Participants will learn to develop, create, implement, and assess a STEAM (science, technology, engineering, arts, and math) program, lessons and units. A variety of frameworks will be reviewed and discussed to allow for easy replication of STEAM units and activities. Inquiry-based lessons for instruction and assessment will be explored to help gain a better understanding of possible classroom applications and projects. Educators will leave the course with a roadmap to better implement STEAM into their classroom, promote STEAM questioning, and develop STEAM PBL (Project-Based Learning) units.
Participants will learn to develop, create, implement, and assess a STEM/STEAM (Science, Technology, Engineering, Arts, and Mathematics) program, lessons and units. A variety of frameworks will be reviewed and discussed to allow for easy replication of /STEAM units and activities. A variety of STEM/STEAM careers will be explored and highlighted in resources. Educators will leave the course with a roadmap to better implement STEM/STEAM into their classroom, promote STEM/STEAM questioning, and develop STEM/STEAM PBL (Project Based Learning) units.
Participants in this course will learn the history of the LGBTQ movement, key terminology, how preconception and discrimination impact the LGBTQ community and review strategies for fostering LGBTQ-inclusivity in schools. Participants will examine myths and perceptions, as well as curriculum and best practices associated with LGBTQ students. Participants will be provided multiple opportunities to engage in discussions and activities that refine and define strategies and practices focusing on meeting the comprehensive needs of LGBTQ students.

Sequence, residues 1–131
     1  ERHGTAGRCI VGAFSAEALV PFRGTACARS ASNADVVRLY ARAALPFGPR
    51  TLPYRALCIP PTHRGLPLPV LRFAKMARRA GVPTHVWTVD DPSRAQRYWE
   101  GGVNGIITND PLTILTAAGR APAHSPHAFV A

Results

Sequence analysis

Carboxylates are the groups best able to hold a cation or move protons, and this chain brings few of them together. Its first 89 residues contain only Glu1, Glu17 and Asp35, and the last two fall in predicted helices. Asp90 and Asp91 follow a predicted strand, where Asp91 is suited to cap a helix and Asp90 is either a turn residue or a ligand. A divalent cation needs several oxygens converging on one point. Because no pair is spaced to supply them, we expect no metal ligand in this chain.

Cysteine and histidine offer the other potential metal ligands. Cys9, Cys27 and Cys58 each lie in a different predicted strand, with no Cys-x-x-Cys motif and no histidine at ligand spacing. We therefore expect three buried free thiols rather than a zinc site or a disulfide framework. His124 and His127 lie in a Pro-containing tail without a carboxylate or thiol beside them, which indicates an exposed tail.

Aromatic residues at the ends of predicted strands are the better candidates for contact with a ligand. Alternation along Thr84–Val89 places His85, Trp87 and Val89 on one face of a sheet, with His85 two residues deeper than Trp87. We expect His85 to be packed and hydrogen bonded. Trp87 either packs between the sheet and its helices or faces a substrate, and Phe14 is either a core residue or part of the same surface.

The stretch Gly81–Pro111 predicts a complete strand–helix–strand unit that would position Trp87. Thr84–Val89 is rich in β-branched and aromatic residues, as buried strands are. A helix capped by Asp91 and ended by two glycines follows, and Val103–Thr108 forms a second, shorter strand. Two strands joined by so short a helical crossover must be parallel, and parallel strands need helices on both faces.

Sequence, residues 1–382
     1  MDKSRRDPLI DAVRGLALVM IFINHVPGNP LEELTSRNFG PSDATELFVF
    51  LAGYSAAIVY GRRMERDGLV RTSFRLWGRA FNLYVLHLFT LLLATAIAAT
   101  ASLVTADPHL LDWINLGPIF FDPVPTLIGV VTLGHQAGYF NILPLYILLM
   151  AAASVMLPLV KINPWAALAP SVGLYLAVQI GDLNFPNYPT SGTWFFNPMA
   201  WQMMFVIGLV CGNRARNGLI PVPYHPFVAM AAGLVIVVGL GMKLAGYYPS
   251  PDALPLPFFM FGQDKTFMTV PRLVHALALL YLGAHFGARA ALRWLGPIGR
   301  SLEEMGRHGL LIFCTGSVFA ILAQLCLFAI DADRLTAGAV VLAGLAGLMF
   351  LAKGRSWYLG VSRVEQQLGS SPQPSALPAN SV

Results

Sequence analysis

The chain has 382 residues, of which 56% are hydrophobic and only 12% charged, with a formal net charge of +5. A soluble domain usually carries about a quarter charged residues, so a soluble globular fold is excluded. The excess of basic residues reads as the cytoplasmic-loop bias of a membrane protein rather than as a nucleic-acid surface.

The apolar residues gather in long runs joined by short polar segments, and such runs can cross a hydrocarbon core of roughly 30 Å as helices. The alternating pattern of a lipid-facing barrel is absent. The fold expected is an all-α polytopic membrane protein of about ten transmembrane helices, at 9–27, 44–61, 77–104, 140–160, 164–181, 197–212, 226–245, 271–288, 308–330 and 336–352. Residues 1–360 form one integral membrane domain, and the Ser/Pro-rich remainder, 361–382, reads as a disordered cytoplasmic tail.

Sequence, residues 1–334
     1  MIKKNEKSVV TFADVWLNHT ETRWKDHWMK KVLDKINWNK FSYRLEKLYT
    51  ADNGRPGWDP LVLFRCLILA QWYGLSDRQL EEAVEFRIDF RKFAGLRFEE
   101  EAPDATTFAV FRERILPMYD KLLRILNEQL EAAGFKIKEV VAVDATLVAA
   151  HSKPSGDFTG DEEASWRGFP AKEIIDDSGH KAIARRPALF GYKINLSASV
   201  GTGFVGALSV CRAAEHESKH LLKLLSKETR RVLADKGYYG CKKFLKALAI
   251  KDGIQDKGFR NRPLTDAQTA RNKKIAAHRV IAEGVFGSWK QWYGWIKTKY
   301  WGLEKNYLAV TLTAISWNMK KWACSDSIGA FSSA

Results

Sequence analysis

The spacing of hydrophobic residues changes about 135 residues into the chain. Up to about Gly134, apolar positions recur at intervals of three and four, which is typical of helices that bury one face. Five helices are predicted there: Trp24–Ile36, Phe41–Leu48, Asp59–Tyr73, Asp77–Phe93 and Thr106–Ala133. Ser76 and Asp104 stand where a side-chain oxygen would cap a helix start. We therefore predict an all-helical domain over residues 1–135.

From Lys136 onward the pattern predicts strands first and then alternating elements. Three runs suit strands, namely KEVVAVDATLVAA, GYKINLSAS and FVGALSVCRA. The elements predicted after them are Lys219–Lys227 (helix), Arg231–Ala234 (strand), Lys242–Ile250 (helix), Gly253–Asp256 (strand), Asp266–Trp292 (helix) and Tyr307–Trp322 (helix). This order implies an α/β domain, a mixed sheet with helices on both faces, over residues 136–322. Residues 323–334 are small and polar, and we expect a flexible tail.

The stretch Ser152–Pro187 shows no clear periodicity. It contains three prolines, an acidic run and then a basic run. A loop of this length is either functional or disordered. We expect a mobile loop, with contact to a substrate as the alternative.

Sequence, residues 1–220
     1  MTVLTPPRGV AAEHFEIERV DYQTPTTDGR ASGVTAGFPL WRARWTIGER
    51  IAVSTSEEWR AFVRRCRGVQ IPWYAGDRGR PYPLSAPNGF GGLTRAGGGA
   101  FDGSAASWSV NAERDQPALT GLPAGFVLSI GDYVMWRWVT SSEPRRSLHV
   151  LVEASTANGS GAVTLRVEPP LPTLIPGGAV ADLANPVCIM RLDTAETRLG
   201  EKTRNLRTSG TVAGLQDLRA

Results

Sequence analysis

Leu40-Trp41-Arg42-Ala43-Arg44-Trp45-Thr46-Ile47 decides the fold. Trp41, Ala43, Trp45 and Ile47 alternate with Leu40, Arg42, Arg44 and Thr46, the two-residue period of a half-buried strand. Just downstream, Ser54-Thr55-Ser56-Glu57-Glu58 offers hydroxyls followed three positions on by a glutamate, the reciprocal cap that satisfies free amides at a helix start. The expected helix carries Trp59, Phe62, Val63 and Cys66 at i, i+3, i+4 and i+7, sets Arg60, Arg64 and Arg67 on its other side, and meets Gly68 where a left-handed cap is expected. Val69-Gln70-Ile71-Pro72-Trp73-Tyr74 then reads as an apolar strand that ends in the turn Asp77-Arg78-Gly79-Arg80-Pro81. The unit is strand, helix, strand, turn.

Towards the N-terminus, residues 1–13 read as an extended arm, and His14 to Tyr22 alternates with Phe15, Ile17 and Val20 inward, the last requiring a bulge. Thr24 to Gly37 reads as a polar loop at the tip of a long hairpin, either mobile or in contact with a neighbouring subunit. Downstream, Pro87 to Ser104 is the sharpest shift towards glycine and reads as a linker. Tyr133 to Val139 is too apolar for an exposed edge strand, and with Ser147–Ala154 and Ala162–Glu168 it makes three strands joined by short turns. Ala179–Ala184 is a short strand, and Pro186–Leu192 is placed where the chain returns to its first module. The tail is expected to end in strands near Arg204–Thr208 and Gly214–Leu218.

This course is designed to give educators at all levels an overview of recent research on mindfulness practices and to provide step by step guidance on how to integrate these practices into the classroom. Participants in this course will learn what mindfulness is, why it is important, and how to creatively apply research-based mindfulness techniques in meeting the diverse learning needs of students. Attention will also be given to ways educators can use mindfulness to enhance their own professional and personal experience as teachers.
This course is designed to enhance a participant’s knowledge of brain research. The following themes will be explored throughout the course: brain development, information processing, memory and retention, transferring learning, and critical thinking. Participants in this course will explore ways to design brain-friendly and effective lesson plans using the latest scientific findings and discoveries. This course prepares teachers by providing them with the essential elements needed to translate the biology of brain-based learning from theory into classroom practice.
With the soaring concerns of mental health issues, students need to be supported more than ever with their social and emotional development. Social and Emotional Learning (SEL) involves teaching and modeling five lifelong skills: self-awareness, self-management, responsible decision-making, social awareness, and relationship skills. In this course, participants will learn how to weave SEL into the curriculum, which has been shown to increase academic outcomes and promote overall positive mental health among students. Participants will also explore strategies to support and enhance their own mental health and well-being.
Participants in this course will examine how social media is an integral part of the school community. The positive and negative impact of social media on the school community will be discussed and explored. Participants will learn strategies to navigate social media concerns and issues. The course will help educators learn about norms in digital citizenship and how to plan and integrate social media tools in their classroom and school community. Social media frameworks for projects, lesson plans, and school functions will be reviewed. Participants will leave the course with social media tools to engage their students in new learning mediums and improve the classroom and school community environment.